Liquidity: the increasing reporting burden
UK banks’ travels on the liquidity reporting journey continue with the imminent official start, after a few false starts, of the maturity ladder Additional Liquidity Monitoring Metric (C66) and the PRA 110 looming over the horizon …..
It was in January 2013 the BCBS issued a paper entitled ‘ Basel III: The Liquidity Coverage Ratio and liquidity risk monitoring tools‘. That was an early regulatory step on the journey towards today’s C66. It provided some detail on the various Additional Liquidity Monitoring Metrics including the contractual maturity mismatch; and looking back now that initial guidance looks reasonably concise
and manageable. The finalised C66, required monthly or (depending on the relevant bank satisfying certain tests) quarterly from 31 March, is a long way from that original BCBS paper: much more granularity is required. And of course the PRA 110, the introduction of which is now delayed till 1 July 2019, will continue the trend by expanding the data requirements yet again…..
C66: significant in two ways
The C66 is significant in itself as a complex new return. For example some new/key points include the following: –
– unlike the FSA 047/48 the C66 requires the inclusion of contractual interest cash flows
– behavioural cash flows are included (as a Memorandum Item)
– a requirement to calculate the maturity profile of lending which is eligible collateral (in order to include the appropriate amount of collateral in the Counterbalancing Capacity section)
The C66 is also significant as the basic building block on which the proposed PRA 110 is built. That PRA return takes nothing away from the C66 but adds to it. So for example the PRA 110 includes more time periods, more rows (requirements for example for more granularity on retail deposits), some more sections etc.
At ALMIS International we are familiar with this sort of complex and onerous regulation, and are committed to developing and delivering appropriate solutions. One of our current priorities is therefore working with clients to help achieve autopopulation of the C66. Against that backdrop we recently held a webinar in which we discussed how to populate the return, discussed some opinions over interpretation of the relevant standards , and asked if the report will assist firms with their day to day liquidity management. The industry focus on the topic was well illustrated by the very high participation from banks and building societies (140 registered delegates). A poll conducted amongst participants during the webinar revealed that just over 80% of participants felt the C66 maturity ladder is at least to some extent a useful report to help a Bank/Building Society monitor and manage liquidity requirements (23% indicated very useful).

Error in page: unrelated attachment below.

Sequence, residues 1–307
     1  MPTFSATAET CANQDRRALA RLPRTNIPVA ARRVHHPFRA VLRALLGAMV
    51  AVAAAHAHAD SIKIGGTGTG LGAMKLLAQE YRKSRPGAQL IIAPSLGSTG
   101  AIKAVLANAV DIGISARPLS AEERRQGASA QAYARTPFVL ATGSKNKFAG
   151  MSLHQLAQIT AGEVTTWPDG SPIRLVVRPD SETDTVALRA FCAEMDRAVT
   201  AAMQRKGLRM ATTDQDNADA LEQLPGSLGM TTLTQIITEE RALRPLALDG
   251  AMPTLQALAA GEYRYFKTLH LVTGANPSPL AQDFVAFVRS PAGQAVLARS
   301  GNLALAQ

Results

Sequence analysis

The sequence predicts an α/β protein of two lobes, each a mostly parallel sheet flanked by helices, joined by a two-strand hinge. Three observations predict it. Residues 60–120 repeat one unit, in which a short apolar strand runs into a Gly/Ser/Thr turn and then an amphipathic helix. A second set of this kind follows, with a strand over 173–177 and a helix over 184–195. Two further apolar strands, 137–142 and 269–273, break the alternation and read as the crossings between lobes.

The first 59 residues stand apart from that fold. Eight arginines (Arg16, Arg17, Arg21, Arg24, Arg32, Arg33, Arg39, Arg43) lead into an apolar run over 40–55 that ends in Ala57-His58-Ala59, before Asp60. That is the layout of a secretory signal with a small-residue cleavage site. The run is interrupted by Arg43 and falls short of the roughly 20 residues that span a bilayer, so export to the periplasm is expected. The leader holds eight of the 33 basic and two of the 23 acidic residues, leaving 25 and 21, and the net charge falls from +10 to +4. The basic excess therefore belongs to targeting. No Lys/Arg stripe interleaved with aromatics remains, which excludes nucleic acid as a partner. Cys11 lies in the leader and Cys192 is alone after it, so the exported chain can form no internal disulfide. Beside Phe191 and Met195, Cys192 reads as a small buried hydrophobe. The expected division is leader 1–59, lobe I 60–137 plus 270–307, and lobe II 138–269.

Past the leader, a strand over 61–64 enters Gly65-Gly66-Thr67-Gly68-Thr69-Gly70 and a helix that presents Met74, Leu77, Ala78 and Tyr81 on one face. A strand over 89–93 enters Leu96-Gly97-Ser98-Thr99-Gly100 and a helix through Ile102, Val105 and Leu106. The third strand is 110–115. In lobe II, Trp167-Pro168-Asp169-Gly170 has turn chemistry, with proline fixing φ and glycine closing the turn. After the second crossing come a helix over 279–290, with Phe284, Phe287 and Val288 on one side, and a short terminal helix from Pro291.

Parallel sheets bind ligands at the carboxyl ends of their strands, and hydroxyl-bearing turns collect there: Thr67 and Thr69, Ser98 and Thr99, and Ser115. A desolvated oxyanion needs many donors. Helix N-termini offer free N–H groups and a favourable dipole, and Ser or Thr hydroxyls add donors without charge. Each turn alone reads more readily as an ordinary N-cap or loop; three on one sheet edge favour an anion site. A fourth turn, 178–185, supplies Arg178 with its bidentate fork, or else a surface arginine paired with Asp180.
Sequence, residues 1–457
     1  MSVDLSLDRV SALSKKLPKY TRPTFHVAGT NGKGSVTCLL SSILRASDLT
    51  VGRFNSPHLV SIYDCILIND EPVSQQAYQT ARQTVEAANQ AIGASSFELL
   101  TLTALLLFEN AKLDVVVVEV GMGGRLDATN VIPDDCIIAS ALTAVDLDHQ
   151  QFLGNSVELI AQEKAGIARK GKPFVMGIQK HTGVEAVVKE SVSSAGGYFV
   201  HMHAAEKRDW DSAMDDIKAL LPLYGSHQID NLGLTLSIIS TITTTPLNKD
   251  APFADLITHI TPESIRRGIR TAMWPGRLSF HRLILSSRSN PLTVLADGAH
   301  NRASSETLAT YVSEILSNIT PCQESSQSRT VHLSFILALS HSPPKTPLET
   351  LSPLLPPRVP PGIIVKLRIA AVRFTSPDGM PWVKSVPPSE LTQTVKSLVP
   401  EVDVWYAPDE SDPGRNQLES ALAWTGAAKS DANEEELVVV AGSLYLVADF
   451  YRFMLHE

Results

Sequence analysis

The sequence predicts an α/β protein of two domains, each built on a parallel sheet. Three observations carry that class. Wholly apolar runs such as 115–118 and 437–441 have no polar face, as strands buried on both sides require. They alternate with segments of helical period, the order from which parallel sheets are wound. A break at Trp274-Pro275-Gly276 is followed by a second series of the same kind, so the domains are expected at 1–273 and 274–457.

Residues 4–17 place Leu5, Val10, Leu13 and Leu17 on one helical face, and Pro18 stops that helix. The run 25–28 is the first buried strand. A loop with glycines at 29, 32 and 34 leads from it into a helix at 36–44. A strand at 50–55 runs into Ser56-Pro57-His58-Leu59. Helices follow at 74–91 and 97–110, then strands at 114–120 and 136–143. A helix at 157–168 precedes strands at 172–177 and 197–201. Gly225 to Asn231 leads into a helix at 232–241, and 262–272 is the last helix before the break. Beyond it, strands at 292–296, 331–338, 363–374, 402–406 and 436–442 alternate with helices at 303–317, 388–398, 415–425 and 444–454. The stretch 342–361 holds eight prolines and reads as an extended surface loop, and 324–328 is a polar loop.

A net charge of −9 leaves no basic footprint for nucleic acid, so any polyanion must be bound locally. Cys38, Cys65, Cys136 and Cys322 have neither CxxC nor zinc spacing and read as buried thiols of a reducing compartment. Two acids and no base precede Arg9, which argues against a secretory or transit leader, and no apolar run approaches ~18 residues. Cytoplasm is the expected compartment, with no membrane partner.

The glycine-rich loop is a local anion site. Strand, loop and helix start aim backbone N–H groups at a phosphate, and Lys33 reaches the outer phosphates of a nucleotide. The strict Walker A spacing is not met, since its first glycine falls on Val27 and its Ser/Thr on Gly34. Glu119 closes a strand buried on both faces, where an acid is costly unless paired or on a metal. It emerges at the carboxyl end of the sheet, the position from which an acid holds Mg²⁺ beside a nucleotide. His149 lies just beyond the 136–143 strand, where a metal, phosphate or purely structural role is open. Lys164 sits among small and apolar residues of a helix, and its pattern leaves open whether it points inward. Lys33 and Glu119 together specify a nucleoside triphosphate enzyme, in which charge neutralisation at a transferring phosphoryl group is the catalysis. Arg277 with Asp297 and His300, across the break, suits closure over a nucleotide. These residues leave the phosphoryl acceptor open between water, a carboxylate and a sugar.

Founder and CEO of ALMIS International Joe Di Rollo commented: “… the C66 is the most complex liquidity report so far, and the delay on the PRA 110 is helpful. But whilst the data requirements are quite painful our webinar poll tends to confirm the view that if that data is properly interpreted it should help with the practicalities of managing and optimising bank liquidity positions both short and longer term…”
Several other new reporting requirements also now start to apply: many banks are required to report FINREP for the first time, new requirements as regards the reporting of information on sovereign exposures are introduced and the requirements as regards reporting on operational risk are changing. Whatever your organisation’s view of the C66 and the other new returns may be, the journey continues ….